Hundreds of owners of the country's biggest selling electric vehicle are waiting on Nissan to respond to concerns about the battery, months after problems were first identified.
In March, research by an electric transport community group, Flip the Fleet, found that the battery health of the newer 30 kilowatt Nissan Leaf cars could be degrading at a faster rate than the older model.
The group revealed the batteries are degrading at about three times the rate of a 24 kilowatt version.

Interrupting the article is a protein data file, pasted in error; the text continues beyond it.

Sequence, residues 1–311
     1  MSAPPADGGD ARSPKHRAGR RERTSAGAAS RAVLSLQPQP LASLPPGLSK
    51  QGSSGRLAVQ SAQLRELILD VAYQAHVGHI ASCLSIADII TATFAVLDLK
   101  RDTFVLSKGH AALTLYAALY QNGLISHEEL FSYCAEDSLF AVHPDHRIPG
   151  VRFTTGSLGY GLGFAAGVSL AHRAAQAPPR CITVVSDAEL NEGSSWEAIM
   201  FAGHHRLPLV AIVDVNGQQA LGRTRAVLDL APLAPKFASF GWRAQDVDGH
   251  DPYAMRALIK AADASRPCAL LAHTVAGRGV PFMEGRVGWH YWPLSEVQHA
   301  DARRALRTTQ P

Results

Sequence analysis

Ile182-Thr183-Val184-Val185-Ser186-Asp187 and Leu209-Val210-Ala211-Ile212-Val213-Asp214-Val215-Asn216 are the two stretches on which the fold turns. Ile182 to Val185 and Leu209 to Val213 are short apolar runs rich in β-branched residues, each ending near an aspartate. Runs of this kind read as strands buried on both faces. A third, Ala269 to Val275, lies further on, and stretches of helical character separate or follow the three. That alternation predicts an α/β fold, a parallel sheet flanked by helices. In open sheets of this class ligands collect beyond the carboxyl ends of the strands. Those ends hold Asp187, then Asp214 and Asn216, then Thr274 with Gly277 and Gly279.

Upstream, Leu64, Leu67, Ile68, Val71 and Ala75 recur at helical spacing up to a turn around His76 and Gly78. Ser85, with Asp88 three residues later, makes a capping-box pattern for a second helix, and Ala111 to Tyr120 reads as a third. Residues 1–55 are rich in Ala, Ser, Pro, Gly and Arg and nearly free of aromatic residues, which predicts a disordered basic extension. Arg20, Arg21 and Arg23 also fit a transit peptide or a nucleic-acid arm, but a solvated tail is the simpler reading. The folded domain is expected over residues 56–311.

Its founder Henrik Moller said the cause was unclear.
"The big mystery is the battery chemistry," he said.
"We don't know exactly what was changed in the chemistry of the battery."
Chief executive of the Imported Motor Vehicle Industry Association David Vinsen said it could be heat related.
"It may be related to previous hard acceleration, as an example, or hard use, or continued rapid charging."
Mr Moller said buyers of any electric vehicle should always get a battery scan before purchasing.
Nissan said it is reviewing the research, and didn't know when it would be completed.